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M family proteins are critical virulence determinants of Streptococci. Streptococcus equi subsp. zooepidemicus (SEZ) are Group C streptococci that cause meningitis in animals and humans. SzM, the M protein of SEZ, has been linked to SEZ brain invasion. Here, we demonstrate that SzM is important in SEZ disruption of the blood-brain barrier (BBB). SEZ release SzM-bound membrane vesicles (MVs), and endocytosis of these vesicles by human brain endothelial microvascular cells (hBMECs) results in SzM-dependent cytotoxicity. Furthermore, administration of SzM-bound MVs disrupted the murine BBB. A CRISPR screen revealed that SzM cytotoxicity in hBMECs depends on PTEN-related activation of autophagic cell death. Pharmacologic inhibition of PTEN activity prevented SEZ disruption of the murine BBB and delayed mortality. Our data show that MV delivery of SzM to host cells plays a key role in SEZ pathogenicity and suggests that MV delivery of streptococcal M family proteins is likely a common streptococcal virulence mechanism.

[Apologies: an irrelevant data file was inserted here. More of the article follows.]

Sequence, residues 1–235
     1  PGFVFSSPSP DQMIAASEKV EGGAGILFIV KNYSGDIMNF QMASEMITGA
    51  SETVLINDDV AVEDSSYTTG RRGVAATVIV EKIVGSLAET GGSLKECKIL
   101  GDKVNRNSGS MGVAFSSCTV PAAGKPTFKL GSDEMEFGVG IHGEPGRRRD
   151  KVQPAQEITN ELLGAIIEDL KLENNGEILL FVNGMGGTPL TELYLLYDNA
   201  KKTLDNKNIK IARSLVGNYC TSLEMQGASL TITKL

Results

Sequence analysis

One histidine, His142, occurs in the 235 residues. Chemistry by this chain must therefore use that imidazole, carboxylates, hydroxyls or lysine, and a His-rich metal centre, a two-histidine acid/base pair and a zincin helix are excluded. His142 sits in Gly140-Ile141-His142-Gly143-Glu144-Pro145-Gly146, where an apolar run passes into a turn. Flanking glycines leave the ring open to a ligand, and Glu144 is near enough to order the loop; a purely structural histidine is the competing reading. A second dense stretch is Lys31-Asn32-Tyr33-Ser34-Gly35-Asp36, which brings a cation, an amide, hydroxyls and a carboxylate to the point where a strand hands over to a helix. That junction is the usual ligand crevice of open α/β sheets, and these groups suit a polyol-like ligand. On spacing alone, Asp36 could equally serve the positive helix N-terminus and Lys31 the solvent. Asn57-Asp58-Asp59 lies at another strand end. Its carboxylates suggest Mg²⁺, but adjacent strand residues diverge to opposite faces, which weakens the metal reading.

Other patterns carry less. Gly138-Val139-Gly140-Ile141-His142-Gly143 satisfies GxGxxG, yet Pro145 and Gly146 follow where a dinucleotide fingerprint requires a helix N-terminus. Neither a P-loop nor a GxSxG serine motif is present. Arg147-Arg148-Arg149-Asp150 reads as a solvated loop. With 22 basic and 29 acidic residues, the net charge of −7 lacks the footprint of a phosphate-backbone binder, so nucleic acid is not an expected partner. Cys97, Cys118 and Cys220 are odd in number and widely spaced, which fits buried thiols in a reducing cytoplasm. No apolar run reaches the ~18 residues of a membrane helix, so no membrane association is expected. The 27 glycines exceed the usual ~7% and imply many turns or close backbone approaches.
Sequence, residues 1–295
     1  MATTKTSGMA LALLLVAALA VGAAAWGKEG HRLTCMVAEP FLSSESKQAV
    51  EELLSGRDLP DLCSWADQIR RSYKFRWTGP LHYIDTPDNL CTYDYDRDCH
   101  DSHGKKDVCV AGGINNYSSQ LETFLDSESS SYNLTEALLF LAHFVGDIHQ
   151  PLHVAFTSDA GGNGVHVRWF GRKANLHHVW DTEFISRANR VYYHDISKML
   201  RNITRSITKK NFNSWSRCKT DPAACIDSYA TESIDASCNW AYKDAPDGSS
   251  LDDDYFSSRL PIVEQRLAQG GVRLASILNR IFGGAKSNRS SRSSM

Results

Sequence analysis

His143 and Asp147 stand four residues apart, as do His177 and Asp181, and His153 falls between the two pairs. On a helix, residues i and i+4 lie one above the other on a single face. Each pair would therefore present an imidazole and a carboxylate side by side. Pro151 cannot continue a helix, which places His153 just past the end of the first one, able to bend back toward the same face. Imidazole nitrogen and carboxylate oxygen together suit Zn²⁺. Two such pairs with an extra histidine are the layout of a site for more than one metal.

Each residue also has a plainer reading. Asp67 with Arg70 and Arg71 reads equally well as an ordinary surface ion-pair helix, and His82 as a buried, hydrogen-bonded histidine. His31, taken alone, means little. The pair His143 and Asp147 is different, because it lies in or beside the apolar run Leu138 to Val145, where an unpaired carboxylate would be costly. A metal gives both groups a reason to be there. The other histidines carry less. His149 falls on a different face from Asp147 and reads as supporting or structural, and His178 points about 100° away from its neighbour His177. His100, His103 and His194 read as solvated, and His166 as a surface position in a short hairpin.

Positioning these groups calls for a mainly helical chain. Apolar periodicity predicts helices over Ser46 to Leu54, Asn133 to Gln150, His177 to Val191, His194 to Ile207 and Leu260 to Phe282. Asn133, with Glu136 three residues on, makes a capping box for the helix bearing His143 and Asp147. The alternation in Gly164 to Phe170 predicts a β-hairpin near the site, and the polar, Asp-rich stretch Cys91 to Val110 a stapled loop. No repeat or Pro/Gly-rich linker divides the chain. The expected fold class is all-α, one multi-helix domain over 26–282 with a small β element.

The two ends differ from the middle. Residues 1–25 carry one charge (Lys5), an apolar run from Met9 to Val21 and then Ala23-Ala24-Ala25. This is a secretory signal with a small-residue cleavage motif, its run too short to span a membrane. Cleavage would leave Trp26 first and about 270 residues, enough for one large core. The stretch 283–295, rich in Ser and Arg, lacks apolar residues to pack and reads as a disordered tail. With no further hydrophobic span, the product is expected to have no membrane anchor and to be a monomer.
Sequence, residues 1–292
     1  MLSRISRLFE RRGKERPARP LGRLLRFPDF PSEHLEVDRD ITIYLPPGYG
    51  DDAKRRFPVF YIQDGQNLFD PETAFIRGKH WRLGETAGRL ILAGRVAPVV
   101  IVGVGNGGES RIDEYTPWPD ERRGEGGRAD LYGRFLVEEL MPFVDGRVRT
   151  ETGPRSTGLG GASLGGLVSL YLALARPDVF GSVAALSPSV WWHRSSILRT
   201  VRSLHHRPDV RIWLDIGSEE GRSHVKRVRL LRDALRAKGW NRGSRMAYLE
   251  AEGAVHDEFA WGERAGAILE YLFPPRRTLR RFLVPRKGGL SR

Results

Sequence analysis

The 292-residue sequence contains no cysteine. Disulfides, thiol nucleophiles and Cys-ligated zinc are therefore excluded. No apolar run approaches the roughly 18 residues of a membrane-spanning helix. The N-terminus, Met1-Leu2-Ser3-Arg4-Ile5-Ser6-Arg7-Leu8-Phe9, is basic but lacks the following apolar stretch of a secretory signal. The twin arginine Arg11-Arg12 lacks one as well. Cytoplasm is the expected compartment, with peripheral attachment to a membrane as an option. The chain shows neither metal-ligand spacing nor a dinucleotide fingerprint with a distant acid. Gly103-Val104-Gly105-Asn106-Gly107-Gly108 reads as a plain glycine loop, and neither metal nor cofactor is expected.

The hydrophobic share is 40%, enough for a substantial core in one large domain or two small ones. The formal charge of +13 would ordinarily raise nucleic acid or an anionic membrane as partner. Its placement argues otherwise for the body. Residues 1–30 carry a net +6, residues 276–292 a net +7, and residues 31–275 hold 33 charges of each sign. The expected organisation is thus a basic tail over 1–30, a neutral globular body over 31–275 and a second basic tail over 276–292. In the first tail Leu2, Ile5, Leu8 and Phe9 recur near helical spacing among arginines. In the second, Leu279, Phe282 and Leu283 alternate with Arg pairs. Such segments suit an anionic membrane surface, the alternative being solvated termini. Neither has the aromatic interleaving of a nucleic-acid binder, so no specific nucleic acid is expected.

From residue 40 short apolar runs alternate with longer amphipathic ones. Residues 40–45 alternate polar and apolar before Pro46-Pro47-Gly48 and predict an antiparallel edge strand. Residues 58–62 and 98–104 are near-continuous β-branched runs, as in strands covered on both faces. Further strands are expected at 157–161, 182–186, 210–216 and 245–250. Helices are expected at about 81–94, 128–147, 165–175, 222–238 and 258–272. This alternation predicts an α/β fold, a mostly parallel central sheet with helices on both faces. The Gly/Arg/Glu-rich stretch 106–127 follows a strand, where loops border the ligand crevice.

Fei Pan, Mingli Zhu, Ying Liang, Chen Yuan, Yu Zhang, Yuchang Wang, Hongjie Fan, Matthew K Waldor, Zhe Ma. Membrane vesicle delivery of a streptococcal M protein disrupts the blood-brain barrier by inducing autophagic endothelial cell death. Proceedings of the National Academy of Sciences of the United States of America. 2023 Jun 13;120(24):e2219435120

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PMID: 37276410

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